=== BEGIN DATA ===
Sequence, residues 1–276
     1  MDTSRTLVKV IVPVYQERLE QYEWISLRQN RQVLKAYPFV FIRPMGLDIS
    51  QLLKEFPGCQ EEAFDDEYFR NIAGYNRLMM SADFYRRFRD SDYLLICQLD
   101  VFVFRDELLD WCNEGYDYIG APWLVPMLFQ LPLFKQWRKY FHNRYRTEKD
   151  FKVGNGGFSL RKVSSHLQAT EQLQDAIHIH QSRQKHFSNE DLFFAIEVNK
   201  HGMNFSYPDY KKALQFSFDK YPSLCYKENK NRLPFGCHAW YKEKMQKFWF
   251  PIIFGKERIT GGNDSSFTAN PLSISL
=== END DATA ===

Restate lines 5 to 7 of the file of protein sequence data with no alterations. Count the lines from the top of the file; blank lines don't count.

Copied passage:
   151  FKVGNGGFSL RKVSSHLQAT EQLQDAIHIH QSRQKHFSNE DLFFAIEVNK
   201  HGMNFSYPDY KKALQFSFDK YPSLCYKENK NRLPFGCHAW YKEKMQKFWF
   251  PIIFGKERIT GGNDSSFTAN PLSISL